Vascular Plants of North Carolina
Account for Dwarf Arrowhead - Sagittaria subulata   (L.) Buchenau
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Section 5 » Order Alismatales » Family Alismataceae
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Author(L.) Buchenau
DistributionFound essentially only in coastal areas and the Tidewater zone, from Currituck County on the north to Columbus County on the south.

This is a coastal and near-coastal species of the Atlantic Coast region, ranging north to MA and south to FL and west to AL.
AbundanceRare to uncommon in the Tidewater region. Though the NCNHP does not consider it as a Watch List species, the relatively low number of counties and records suggests that it should be Watch List, and the State Rank changed from S2S3 upward to S2.
HabitatThis is a species generally of tidal freshwater or oligohaline marshes, but especially on exposed mudflats and drawdown areas. It also can be found along margins of natural lakes and ponds, generally ones rather close to the coast.
PhenologyBlooms from May to September, and fruits shortly after flowering.
IdentificationThis is one of several confusing species that has both submerged leaf forms and emergent ones. Where leaves are submerged, they are phyllodial and can be up to 1.5 feet long, and very narrow (barely 1/5-inch wide). However, emergent leaves are much shorter, often just 2-3 inches long, though still mostly with linear (and flat) leaves. Occasionally, floating leaves can have ovate/elliptical leaves! The flowering scape can be up to 1 feet high, generally far overtopping the leaves. The flowers are in 1-3 whorls, but in this species each flower is on a long and slender pedicel (1 inch or more), and thus the flowers are a far way from the stem. Each flower, consisting of 3 white petals, is only 1/2-inch across or less. The most similar species is the odd S. filiformis, which usually has submerged stems that are 10 inches to up to 3 feet long. As with so many species of Sagittaria, if not seen in flower, most biologists will overlook it as a short grass or sedge.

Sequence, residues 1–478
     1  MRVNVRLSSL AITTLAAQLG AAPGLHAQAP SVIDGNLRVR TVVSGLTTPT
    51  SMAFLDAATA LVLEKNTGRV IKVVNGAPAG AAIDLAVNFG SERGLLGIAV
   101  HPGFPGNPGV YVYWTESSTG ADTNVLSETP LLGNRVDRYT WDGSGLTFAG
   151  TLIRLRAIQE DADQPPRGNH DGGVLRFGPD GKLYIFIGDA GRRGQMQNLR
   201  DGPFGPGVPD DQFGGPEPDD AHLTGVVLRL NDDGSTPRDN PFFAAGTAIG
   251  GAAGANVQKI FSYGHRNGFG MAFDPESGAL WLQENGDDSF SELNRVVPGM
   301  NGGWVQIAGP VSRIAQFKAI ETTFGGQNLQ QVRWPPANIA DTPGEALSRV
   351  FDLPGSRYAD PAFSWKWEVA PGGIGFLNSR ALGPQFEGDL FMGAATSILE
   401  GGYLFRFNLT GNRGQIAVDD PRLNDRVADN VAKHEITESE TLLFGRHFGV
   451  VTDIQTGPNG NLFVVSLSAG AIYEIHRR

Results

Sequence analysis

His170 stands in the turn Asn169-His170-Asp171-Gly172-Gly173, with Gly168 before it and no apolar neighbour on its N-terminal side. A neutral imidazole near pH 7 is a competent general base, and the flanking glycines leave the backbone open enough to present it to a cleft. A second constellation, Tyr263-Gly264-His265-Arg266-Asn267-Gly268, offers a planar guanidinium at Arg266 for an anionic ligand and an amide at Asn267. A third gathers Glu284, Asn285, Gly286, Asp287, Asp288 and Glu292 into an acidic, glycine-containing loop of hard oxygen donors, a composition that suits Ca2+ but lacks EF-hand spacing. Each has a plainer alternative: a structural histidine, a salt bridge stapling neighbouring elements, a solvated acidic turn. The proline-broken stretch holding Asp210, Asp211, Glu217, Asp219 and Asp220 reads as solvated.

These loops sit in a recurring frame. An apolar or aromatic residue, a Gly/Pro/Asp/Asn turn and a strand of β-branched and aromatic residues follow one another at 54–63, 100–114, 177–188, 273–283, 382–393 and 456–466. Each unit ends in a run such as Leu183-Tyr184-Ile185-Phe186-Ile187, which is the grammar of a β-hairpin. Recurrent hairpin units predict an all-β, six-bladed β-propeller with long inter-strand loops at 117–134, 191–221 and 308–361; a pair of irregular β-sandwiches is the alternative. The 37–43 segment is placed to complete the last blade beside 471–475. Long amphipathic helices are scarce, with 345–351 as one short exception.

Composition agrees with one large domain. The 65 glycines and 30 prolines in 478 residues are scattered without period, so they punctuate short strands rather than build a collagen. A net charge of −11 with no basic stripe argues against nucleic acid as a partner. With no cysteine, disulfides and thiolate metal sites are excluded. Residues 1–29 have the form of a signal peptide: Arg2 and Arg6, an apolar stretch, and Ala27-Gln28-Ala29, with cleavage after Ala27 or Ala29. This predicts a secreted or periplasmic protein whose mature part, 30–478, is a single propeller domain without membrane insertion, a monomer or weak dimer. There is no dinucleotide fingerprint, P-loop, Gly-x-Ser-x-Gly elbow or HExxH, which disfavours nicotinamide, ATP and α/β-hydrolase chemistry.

Taxonomic CommentsThough this has always been a good species, some references have or had one or more other taxa within it. RAB (1968) named this taxon as S. subulata var. subulata, and also S. subulata var. gracillima (now named as S. filiformis). Weakley (2018) has S. filiformis as a good species, as do many other references.

Other Common Name(s)Awl-leaf Arrowhead, Narrow-leaved Arrowhead, Dwarf Sagittaria
State RankS2S3 [S2]
Global RankG4
State Status[W1]
US Status
USACE-agcpOBL link
USACE-empOBL link
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B.A. SorrieTidal river shore, Essex CT, 1980s. Photo_non_NCPhoto_non_NC
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